Work stealing and implementation of runtime systems

March 16th, 2009 by Graham

Peter talked about work-stealing and implementation of runtime systems. We started with briefly discussing a simple implementation of a runtime system, and the scalability problems that you get [3]. There was a brief passage about the optimality of work stealing [1], to get straight into the new paper about the runtime support for multicore Haskell [2]. At the end we concluded with questioning the premises that seems common: each task is executed exactly once. There is a nice new paper called “Idempotent Work Stealing” [4] which changes the premise to “each task is executed at least once” and show by microbenchmarks that puts and takes executed on this queue only costs 60% of the Chase-Lev algorithm [5].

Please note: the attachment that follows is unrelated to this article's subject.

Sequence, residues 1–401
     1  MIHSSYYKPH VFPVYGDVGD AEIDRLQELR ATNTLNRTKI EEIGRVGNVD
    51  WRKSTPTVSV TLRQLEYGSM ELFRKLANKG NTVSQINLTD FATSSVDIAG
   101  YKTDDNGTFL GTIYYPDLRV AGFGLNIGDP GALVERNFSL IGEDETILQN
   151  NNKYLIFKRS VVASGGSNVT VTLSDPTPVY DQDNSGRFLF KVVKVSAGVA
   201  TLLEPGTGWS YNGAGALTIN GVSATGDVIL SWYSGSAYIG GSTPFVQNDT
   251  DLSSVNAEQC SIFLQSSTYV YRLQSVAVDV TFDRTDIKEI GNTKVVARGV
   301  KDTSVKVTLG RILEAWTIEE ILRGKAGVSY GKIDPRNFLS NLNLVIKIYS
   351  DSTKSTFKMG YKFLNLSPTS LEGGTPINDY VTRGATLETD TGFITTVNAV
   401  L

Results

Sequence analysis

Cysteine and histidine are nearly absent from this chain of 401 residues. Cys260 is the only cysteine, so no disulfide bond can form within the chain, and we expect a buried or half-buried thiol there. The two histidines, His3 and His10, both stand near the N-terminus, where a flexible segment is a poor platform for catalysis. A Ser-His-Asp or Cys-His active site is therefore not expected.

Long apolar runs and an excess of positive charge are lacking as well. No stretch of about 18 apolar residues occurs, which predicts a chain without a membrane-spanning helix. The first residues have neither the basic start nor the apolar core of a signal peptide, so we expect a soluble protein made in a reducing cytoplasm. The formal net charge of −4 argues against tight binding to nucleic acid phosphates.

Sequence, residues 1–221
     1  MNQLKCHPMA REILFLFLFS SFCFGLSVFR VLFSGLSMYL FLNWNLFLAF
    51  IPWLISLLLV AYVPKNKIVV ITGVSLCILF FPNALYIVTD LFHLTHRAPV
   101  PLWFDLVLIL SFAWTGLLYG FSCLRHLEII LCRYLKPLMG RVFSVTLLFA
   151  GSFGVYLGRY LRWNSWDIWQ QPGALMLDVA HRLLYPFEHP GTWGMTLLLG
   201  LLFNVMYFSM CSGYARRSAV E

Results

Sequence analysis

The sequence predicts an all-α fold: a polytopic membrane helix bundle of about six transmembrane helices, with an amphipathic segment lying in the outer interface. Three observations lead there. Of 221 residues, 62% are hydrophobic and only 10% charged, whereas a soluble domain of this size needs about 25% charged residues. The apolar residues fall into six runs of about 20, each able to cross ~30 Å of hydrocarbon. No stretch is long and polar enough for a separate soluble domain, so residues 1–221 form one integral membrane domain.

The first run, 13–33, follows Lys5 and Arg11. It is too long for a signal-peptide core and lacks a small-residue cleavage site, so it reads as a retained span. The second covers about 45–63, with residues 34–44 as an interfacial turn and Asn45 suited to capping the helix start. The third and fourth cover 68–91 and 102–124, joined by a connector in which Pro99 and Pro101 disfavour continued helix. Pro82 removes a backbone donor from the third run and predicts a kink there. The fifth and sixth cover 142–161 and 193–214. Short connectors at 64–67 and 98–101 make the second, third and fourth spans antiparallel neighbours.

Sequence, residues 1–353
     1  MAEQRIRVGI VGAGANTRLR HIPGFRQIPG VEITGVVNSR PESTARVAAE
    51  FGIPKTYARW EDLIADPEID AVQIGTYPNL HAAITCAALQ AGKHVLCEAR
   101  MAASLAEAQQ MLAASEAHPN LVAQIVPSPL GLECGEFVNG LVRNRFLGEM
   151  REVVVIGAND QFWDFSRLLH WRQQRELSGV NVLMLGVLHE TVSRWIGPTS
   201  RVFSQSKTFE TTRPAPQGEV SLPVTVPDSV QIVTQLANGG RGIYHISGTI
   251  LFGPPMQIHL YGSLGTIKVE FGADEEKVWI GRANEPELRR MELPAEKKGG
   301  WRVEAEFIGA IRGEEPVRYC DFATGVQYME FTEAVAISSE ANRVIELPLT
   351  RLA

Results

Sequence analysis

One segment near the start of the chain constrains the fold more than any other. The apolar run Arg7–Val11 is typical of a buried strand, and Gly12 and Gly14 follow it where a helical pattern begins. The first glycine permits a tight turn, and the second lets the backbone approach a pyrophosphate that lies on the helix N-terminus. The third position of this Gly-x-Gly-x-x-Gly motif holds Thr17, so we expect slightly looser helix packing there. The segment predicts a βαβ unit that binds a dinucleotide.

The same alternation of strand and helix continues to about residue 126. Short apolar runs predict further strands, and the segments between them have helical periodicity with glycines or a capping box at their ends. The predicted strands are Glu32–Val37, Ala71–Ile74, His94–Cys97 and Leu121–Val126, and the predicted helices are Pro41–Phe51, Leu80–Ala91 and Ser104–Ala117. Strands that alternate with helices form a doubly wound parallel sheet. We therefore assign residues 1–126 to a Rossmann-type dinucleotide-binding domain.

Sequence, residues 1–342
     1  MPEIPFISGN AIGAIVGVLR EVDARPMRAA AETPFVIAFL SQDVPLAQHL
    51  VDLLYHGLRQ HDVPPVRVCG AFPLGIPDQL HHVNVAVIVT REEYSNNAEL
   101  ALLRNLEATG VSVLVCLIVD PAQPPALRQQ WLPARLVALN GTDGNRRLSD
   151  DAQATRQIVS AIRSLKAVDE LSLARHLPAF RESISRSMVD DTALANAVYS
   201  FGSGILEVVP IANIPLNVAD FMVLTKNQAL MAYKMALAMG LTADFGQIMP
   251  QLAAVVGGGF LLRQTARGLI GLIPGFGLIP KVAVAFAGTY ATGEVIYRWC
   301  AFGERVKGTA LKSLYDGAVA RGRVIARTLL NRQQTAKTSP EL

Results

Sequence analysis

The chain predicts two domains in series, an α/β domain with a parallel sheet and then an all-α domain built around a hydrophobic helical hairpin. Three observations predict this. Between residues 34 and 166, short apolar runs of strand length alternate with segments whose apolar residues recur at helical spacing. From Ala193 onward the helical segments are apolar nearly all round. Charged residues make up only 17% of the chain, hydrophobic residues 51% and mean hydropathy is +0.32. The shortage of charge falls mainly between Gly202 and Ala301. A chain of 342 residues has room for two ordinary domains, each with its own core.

[1] Scheduling multithreaded computations by work stealing
[2] Runtime Support for Multicore Haskell
[3] Erlang Multicore
[4] Idempotent Work Stealing
[5] Dynamic Circular Work-stealing deque

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